It is hard being a victim in Kenya. People are wired to distrust the ‘victim’ tag and only the victims that shout loudest gets a second glance. Rallying justice for victims is a long shot and an exercise in extreme patience and tenacity. Therefore most Kenyans have learnt to take full responsibility for all the misfortune that they encounter. It is a coping mechanism when no one believes the victims’ side of the story.
Victim shaming is quite commonplace. It seems easier to assume the victim was bad and attracted their misfortune. We prefer to stigmatize the victim than acknowledge the suffering. Women in this country are particularly having it bad and men cannot just keep explaining the victim’s plight away.
A woman gets assaulted and stripped while dressed in jeans, in a public bus park, in broad day light in front of onlookers. The male reaction. “Sorry and I do not advocate women getting assaulted but some women should also learn to dress decently”. The victim was actually decently dressed and the said jeans were not even a tight fit. “Sorry that these touts are ill mannered but some people just like asking for trouble. What was she doing there in the first place?” A group of concerned women call for a demonstration to protest the act of gender violence on an innocent citizen by a gang of unruly men. “Sorry that some men cannot control themselves but why haven’t they shown solitary with the women who undergo FGM and walked in the streets for them?” The turn out to the street protest is large and the issues get good press coverage. “The press is biased. Why don’t they highlight the plight of the women in Mathare?” The press did last month. “Well, I am not a classist but these are just rich idle moms looking for attention because they cannot find men to marry”. There were also men in the protest, many husbands, who joined in solitary with the issue. “I am not a tribalist but real men from my community would not walk over a skirt issue”. Social commentators say, the root causes point to the broken family unit and absentee fathers. “I am not saying men are not guilty but all these single mothers should also accept that they cannot teach boys how to be men”.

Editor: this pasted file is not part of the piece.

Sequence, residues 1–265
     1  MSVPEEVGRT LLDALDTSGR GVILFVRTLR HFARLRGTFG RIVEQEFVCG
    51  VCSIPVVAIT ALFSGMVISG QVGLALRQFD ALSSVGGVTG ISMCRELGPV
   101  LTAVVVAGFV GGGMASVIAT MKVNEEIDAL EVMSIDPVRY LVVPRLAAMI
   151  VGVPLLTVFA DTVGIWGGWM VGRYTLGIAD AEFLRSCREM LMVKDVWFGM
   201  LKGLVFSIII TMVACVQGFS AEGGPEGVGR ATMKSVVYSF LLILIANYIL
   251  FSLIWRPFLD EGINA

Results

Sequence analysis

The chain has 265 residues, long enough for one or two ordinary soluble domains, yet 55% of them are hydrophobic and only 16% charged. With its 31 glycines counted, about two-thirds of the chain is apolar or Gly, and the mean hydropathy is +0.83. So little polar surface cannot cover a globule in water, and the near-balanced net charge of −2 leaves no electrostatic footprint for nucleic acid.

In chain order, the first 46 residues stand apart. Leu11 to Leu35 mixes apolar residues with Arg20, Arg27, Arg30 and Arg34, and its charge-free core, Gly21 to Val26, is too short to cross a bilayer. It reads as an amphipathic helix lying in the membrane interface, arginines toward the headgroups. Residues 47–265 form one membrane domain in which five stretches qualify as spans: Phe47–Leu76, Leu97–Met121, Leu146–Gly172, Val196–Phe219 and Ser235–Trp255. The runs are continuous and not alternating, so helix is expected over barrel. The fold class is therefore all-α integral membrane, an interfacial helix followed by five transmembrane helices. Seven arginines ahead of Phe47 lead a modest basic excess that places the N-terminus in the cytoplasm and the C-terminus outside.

My basic analysis of male responses during #MyDressMyChoice demonstration is that a frightening large number of men in Kenya do not understand the gravity of sexual assault, rape or battery. Sex education should be introduced in school if for nothing else but to teach the meaning of consent and assault.
Masculinity is not a power trip. Mature men who know better, have to start mentoring youth in their spaces. Offering good advice and providing solid examples. These chest thumping gorillas masquerading as real men have to be put in check. To my younger brothers, forget all this real men bravado and start by being a decent guy. Showing compassion will not diminish your manliness. This whole idea that you are justified to adapt bad behaviour because others are behaving badly is rather warped. There is the right way and the wrong way. The right way is lonely but take it anyway. You will be the better for it.
#MYDressMYChoice is not about short skirts or threatened masculinity. It is about dignity and respect for women. Period. Sexual assault is simply unbridled hate and gender prejudice and it must be rejected by all right thinking men. When we hurt our women, we hurt ourselves.